Big-data could be the game changer in future. Data and big-data are conceptually similar but the later differs technically due to the enormity in volume and the corresponding difficulty in storage. Big-data would imply information that is collected in microseconds from any or all activities that can be captured through recent and path breaking technologies. And of course its use is wide ranging, spreading across a spectrum from simple identification of technical snags (traffic jams, flight delays or power failures) to possible prediction of life expectancies of an individual from signal collected over a period from his eating, search behaviour online and so on. Until this point it is fine; but the big question is how do we comprehend big-data? What do we expect in future? I am not going to go into the tricky affair of the morality of collecting such data from individuals. A better way to put it is how many of us know and are exposed to the data collection business that goes around us. This point in time of human history is only the beginning of the graph where there is an overabundance of big-data. Agencies and institutions that have the logistics have already started collecting and storing it. Imagine data accumulation at the level of being able to successfully predict what each and every individual, institution or nation would be doing say ten minutes from now. That’s like being God. Is it? Need not be. An analogy with natural resources would help us to predict that market mechanism would erase monopoly ownership of big-data in the long-run.
Is big-data a natural resource?
Why a natural resource? Because just like the natural resources it is natural that each of our act whether intended or unintended produce data as an outcome. It is difficult to classify it as renewable because what has been produced cannot be reproduced under the same conditions. So data that I generated through an act yesterday may be reproducible today but not under the same conditions as yesterday.
The fate of natural resources has been this: For a long period of time these resources were subject to constant exploitation, and mankind benefited much out of this. Demand for these resources steadily increased. The good thing was that supply also increased and at times outpaced demand due to technological progress as well as innovative methods of exploitation. The long-term prices has been continuously declining as a consequence. This is also due to the fact that technology helped to produce alternatives for some of these resources.
Now consider big-data, it is a (non) renewable resource. Just like natural resources at its earliest stage in development, whatever has been produced till now is up there for exploitation. People who had the skill in identifying the benefits of natural resources, who had the logistics to extract it benefitted at this early stage in natural resource exploitation. Trade allowed them to prosper. This is just similar to people who have the logistics is getting into the data accumulation process. Just like those laws and regulations which were revised time and again to determine who should own the natural resources, there are laws (at a nascent stage) being formulated to control the generation and accumulation of big-data. Google’s ‘forget-me’ is the outcome of such attempts to legally negotiate possible outcomes of such accumulation.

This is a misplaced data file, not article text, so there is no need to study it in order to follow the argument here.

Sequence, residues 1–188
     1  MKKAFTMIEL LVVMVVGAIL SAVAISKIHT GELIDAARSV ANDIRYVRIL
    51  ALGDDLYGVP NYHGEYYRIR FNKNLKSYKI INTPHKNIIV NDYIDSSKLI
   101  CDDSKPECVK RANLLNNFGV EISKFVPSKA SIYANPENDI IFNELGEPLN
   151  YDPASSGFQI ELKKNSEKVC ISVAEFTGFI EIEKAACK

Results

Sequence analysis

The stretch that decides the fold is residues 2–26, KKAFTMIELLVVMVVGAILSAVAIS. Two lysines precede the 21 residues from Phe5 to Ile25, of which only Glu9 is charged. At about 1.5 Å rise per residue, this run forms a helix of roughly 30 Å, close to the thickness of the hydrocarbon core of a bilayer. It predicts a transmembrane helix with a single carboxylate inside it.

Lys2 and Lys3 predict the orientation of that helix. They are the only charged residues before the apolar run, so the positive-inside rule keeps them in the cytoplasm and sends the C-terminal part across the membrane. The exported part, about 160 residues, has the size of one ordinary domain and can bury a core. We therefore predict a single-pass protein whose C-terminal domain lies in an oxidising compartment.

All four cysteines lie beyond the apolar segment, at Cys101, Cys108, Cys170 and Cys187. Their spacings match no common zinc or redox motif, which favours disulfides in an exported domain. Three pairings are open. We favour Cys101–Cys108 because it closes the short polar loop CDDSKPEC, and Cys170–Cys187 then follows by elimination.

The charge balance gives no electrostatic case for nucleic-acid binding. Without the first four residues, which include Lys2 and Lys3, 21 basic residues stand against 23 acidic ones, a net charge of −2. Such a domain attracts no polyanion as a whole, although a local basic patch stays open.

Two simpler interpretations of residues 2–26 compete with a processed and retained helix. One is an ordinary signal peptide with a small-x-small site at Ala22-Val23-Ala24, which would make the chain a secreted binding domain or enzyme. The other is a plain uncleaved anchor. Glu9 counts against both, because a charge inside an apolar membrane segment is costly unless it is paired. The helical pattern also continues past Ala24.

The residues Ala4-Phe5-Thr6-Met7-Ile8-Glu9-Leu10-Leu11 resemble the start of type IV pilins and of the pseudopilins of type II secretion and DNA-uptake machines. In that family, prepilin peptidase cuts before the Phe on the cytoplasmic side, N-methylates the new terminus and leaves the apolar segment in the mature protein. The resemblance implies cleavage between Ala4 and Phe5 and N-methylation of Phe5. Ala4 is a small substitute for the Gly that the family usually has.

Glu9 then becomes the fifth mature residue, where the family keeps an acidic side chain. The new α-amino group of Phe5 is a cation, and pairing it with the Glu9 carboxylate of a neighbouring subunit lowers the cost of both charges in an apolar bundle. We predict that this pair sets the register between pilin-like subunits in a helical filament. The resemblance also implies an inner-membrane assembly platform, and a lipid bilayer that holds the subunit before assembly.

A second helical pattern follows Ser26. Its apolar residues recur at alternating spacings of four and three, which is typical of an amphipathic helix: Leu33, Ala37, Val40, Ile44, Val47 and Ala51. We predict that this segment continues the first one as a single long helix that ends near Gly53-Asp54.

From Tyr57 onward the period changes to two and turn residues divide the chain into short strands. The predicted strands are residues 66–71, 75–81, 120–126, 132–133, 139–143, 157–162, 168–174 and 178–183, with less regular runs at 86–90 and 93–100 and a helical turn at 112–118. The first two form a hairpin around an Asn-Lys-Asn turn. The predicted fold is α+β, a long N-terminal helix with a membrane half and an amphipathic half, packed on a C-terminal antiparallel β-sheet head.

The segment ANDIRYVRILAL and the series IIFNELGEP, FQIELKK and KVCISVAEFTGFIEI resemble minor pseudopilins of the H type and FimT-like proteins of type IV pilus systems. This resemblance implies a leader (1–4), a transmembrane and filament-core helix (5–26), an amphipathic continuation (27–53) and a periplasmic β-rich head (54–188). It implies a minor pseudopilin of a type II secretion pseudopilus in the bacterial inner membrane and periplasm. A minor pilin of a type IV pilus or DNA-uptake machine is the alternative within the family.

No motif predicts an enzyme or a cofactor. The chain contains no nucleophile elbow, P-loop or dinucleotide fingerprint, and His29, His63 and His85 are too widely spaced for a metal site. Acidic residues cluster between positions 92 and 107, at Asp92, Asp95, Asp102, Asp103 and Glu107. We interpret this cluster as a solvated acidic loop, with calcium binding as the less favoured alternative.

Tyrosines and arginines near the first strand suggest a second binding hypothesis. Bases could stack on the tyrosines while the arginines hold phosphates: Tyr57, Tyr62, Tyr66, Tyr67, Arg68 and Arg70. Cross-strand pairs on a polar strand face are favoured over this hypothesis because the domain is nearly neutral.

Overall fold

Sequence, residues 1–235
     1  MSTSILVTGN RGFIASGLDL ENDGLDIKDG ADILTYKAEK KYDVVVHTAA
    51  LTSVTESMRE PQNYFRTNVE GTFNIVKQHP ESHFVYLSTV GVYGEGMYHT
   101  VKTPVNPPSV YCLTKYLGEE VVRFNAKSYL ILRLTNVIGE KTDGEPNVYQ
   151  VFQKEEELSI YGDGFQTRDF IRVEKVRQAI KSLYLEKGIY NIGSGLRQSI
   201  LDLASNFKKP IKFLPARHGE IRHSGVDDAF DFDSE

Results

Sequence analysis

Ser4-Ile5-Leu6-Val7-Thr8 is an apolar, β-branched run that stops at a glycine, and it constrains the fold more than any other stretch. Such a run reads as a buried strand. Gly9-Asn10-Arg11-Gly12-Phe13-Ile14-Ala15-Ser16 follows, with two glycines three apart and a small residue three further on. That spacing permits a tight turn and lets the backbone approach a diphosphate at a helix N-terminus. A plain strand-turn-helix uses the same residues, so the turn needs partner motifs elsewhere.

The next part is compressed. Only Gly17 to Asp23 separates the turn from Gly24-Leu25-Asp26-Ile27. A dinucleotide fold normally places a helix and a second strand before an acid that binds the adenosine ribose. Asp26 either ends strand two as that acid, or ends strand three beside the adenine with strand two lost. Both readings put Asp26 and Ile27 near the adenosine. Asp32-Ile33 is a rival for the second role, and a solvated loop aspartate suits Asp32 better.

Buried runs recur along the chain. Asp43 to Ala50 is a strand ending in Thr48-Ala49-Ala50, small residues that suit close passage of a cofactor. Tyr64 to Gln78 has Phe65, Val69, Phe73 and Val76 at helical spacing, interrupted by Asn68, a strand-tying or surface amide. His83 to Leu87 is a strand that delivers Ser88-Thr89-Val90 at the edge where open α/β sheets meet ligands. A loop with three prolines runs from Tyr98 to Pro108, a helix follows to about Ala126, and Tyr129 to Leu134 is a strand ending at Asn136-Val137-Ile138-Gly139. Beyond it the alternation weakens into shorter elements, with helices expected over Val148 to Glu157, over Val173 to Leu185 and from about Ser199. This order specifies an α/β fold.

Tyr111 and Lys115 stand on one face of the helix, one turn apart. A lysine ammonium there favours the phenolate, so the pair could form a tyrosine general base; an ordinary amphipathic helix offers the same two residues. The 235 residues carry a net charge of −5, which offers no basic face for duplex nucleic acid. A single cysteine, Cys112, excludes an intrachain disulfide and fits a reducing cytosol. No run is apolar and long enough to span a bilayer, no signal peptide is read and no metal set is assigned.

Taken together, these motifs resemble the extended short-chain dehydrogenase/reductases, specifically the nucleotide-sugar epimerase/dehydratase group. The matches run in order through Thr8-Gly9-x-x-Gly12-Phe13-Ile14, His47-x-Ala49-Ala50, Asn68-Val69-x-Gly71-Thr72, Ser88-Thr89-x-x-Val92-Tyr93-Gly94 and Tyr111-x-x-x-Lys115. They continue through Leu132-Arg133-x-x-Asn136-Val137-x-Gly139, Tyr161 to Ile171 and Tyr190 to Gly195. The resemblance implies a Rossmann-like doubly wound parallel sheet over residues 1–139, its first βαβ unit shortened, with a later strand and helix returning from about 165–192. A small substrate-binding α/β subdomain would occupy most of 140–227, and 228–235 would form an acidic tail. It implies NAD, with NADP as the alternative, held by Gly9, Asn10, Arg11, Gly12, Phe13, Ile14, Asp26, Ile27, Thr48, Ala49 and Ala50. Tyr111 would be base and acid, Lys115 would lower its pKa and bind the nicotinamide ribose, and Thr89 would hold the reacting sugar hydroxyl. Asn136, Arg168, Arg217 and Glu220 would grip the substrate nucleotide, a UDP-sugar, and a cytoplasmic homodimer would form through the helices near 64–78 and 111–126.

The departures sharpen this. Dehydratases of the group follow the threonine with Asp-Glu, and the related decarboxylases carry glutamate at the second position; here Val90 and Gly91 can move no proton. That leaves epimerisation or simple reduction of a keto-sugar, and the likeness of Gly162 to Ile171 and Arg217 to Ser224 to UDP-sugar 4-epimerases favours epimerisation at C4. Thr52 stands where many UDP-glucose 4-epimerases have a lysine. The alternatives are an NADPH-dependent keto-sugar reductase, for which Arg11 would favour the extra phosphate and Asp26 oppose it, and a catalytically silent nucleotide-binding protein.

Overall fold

Big-data in the long-term
In the long-term the following might result. Demand for big-data would be increasing considering the various potential businesses that could be done with it. For instance, predicting victors in elections would become much easier and much more accurate (questioning the democratic process itself), health would be a major area benefitting, and many avenues for business which can be developed after understanding the choices and preferences of people would increase. All this might just reengineer the world that we live in now with new forms of institutions and mechanism developing in response to these possibilities. Supply of big-data would also increase. And just like the exploitation of natural resource, newer technology and innovation would make it cheaper to extract more data. The costly logistics could be avoided. Thus supply would outpace demand and lead to a long-term decline in prices. The possibility of substitutes is difficult to imagine at this point; but in case big-data finds its substitutes, prices would decline further.
So demand and supply is likely to bring down big-data to affordable levels considering the possibility that it is like a natural resource. However, what is going to be crucial is the period ‘in between’; that is between now and the time when such data becomes affordable to everyone. For natural resources, such a period was mostly misutilized in fighting for ownership rights. The state finally won this fight and ended up assuming the role of protectors of natural resources. But for big-data, the period should be better used to develop a policy framework that could ensure privacy. We can also use this time frame to understand the various possible misuse of information and tighten the legal apparatus to ensure such things are minimal. Another possibility that could be thought about is on the individual’s opportunity to trade his data. The richness of it and the demand would ensure that each individual could sell the data to whoever demands it. We might just end up on a positive note in future if these considerations are duly discussed.
Rahul V Kumar
Centre for Public Policy Research